Minister of Communications, Telecommunications and Postal Services, Stella Ndabeni-Abrahams, confirmed that government, in collaboration with cellphone companies, will be tracking mobile location data.
SA government to track mobile location data
According to Ndabeni-Abrahams, the data will be used to verify how many people an infected person had been in contact with, in order to curb the spread of the coronavirus. She explained:
“It is important to look at the individuals that are affected in order to be able to help the department of health to say that we know, in a particular area we have so many people that have been infected”.
She added that the industry “collectively agreed to provide data analytic services” to facilitate that. With the country currently being in a state of the disaster, government has authorisation to do what is needed “to save lives”.
You can be tracked even if you have an old phone
In this instance, and if someone is infected, government would be able to see who that individual interacted with. This will work regardless of whether you have a smartphone or an older device.
According to Kelly Servick from Science Mag, Oxford clinician David Bonsall and colleagues “designed a mathematical simulation of how instantaneous digital contact tracing would influence the spread of the virus”.
“To stop the epidemic, health officials must reduce the virus’ reproductive number—the average number of people each infected person transmits the virus to—to less than one”. Kelly Servick, Science Mag
Global measure to curb COVID-19
South Africa isn’t the first country to turn to mobile analytics in the fight against COVID-19. A research time at the University of Oxford is advocating for tapping into cellphone location data.
Their research points out that “China […] relied on mass surveillance of phones to classify individuals by their health status and restrict their movements”.
Several countries, however, have adopted a different approach. Germany, among others, opted to use anonymous location data to track the virus; data that does not track individual citizens.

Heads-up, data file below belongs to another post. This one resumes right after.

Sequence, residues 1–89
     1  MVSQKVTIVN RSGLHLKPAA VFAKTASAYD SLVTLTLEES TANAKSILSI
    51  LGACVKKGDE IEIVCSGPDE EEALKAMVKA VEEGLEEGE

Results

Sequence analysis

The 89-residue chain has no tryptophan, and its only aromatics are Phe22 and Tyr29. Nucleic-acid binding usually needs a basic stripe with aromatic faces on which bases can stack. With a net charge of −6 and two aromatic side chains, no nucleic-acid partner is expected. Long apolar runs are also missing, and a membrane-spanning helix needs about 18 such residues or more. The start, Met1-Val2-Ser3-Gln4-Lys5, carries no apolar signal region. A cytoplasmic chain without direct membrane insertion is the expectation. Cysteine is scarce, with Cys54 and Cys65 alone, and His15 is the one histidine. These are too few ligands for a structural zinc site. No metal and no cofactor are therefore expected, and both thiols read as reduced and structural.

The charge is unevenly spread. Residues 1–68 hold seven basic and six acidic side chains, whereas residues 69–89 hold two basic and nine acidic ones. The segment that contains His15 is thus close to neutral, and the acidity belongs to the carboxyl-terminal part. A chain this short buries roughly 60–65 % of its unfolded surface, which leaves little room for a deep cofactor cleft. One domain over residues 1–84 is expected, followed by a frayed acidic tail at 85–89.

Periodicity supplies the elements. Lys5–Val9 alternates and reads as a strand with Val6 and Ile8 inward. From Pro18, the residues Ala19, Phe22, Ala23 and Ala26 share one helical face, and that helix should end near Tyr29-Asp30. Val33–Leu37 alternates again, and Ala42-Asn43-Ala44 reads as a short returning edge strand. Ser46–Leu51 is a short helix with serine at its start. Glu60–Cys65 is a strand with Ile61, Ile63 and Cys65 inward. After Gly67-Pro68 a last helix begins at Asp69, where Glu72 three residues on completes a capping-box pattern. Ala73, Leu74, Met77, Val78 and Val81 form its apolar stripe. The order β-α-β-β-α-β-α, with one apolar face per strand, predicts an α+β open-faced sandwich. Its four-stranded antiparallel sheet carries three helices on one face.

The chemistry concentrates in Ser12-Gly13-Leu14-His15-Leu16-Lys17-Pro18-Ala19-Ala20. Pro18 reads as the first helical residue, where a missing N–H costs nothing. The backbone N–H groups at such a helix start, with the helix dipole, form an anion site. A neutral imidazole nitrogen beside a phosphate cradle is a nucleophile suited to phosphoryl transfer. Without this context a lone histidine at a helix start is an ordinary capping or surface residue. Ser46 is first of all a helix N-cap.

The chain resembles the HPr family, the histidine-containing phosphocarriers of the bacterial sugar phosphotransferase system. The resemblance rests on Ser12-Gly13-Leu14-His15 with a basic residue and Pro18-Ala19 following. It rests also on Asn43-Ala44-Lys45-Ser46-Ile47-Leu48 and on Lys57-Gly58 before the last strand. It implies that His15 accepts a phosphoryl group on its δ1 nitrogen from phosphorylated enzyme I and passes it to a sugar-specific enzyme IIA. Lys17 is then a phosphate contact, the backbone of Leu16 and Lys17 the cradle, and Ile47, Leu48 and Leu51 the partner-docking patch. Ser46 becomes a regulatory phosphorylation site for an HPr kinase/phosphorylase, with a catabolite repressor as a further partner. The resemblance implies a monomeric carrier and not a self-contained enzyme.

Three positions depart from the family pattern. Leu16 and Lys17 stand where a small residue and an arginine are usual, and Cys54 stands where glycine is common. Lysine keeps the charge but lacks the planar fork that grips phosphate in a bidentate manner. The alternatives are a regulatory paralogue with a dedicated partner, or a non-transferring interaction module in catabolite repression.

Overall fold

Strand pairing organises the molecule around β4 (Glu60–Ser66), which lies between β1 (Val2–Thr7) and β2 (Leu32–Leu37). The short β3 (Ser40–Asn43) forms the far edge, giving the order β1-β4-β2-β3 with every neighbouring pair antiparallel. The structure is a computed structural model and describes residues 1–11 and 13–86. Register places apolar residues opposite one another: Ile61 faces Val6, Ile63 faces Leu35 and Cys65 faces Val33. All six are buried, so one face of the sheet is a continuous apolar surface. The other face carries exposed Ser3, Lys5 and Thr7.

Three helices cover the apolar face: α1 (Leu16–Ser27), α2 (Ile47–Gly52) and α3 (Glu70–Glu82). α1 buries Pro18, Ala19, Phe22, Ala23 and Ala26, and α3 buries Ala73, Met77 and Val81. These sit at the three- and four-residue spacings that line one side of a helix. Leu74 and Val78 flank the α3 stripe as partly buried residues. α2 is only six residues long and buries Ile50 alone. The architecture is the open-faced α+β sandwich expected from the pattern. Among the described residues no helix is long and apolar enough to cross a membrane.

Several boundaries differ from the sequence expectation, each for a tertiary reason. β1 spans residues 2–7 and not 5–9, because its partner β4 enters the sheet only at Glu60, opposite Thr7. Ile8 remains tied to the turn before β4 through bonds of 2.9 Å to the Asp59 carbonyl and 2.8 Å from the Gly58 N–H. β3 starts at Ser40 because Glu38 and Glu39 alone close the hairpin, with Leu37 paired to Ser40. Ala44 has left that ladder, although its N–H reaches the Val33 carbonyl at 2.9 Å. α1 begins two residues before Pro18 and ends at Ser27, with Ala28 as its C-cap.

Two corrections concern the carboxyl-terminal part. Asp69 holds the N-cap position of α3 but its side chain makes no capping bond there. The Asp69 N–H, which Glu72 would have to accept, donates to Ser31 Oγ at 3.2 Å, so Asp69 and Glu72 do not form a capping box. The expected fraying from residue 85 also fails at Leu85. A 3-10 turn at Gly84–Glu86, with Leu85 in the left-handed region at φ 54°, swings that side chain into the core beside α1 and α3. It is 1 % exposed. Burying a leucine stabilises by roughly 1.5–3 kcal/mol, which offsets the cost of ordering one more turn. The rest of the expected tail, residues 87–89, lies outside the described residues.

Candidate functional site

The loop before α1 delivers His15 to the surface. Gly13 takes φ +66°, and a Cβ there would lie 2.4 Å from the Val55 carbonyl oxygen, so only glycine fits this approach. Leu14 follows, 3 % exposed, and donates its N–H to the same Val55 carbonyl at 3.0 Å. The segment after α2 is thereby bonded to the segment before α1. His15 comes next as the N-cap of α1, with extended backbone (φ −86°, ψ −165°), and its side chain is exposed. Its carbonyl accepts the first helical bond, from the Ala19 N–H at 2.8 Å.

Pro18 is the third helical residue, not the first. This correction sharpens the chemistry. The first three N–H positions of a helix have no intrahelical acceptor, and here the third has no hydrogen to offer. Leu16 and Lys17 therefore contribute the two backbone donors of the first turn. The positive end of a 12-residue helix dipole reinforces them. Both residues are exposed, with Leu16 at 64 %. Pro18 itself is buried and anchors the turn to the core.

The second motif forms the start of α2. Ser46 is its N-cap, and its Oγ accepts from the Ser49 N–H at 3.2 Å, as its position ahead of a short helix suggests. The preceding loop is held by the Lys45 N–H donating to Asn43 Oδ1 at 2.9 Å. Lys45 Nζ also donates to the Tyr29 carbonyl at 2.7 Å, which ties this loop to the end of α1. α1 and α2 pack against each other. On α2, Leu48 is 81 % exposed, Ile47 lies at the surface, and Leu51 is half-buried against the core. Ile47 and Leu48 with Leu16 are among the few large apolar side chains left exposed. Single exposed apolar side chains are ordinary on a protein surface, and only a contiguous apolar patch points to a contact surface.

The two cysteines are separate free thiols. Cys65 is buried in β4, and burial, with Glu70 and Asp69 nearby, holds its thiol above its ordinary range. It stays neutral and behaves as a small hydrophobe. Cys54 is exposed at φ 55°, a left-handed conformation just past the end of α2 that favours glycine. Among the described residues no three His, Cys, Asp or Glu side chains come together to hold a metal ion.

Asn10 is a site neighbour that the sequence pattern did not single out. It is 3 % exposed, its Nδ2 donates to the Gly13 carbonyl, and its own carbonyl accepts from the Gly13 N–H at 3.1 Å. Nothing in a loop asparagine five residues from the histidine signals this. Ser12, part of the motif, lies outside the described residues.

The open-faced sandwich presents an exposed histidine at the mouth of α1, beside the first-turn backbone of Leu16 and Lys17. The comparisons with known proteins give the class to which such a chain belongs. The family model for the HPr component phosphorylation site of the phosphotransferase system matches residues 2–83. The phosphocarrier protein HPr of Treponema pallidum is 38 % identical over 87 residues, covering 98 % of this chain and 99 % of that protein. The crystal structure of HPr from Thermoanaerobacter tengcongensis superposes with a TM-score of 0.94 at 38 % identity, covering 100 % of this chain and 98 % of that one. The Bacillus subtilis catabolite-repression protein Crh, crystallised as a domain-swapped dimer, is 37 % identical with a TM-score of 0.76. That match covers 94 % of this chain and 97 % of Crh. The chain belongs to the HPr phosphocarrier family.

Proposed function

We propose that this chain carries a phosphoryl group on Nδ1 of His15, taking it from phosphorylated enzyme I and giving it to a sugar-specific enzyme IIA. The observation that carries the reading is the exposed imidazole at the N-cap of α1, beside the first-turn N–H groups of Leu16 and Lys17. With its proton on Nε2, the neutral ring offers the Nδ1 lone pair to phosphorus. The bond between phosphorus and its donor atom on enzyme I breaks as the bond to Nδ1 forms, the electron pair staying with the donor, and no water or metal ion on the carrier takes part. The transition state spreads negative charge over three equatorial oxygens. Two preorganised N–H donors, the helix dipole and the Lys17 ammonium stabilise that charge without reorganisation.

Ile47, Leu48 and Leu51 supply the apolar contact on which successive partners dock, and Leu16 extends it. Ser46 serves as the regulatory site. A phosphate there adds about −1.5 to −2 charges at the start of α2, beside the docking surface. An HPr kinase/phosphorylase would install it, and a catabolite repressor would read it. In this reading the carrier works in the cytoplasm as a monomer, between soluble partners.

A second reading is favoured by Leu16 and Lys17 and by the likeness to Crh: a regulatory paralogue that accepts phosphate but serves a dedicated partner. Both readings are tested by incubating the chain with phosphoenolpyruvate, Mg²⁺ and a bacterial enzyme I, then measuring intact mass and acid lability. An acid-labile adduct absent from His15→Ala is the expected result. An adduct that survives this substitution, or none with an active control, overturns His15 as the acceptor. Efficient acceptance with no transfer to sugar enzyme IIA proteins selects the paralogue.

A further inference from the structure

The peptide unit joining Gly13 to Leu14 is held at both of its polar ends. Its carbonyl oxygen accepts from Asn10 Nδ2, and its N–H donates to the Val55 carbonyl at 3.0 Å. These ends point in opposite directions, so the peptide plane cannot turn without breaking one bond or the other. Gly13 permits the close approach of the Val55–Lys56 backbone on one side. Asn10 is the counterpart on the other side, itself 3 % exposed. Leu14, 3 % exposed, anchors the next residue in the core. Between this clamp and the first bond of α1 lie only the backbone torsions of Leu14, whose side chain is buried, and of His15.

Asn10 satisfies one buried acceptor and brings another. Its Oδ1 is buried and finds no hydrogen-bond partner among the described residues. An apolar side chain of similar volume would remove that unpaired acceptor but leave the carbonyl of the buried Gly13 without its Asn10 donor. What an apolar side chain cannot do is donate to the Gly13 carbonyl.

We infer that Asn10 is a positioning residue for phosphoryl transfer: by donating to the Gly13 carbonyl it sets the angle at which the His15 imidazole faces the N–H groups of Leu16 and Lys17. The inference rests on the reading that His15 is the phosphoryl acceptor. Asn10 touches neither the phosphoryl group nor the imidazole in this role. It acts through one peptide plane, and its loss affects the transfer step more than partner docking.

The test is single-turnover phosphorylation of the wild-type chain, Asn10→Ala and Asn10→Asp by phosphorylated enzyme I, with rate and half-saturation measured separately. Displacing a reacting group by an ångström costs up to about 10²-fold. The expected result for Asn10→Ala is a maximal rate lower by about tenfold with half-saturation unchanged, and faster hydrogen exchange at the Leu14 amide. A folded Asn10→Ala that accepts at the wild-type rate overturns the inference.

In addition, research teams in the United States of America and Europe have opted for “less invasive ways to collect and share data,” including the development of COVID-19-specific phone apps.
How does this affect an individual’s privacy?
While some might see this as ethical, others are not impressed. Netizens took to social media to express their concern over what appears to be an invasion of privacy.
One user remarked that “spying is now legalised,” while another added: “Translation: Government wants to spy on you”. One netizen said South Africans should simply leave their phones at home. Yet another added:
“So cellphone companies are giving our data to government to assist in tracking Covid-19. Why [are] they fronting like they haven’t been doing that for other reasons before? We know why RICA exists”.
David Leslie, an ethicist at the Alan Turing Institute who studies the governance of data-driven technologies, is of the opinion that we “don’t live in a culture of public trust when it comes to data”.
He adds that authorities and the public need to weigh the value of privacy against the possibility that data collection could save millions of lives:
“We live in this age that has been called the age of surveillance capitalism, where […] our data is abused and exploited“These are not normal times.”
I wish they could invest such energy on tracing the lost persons— Rental Husband (uMageza) (@CurtisSirShane) March 25, 2020
They cant trace rapists, sex traffickers, and murderous folk phones tho— Muhammad pAli 🇿🇦✊🏽 (@PalieNinela) March 25, 2020
How many missing people so we have in SA, that u couldnt track????— LEE-ANN (@Mrs_husband90) March 25, 2020
Haibo you might as well put chips on us pic.twitter.com/qjD013VXm1— Meha😍💞🌈🌹 (@Kido_20816) March 25, 2020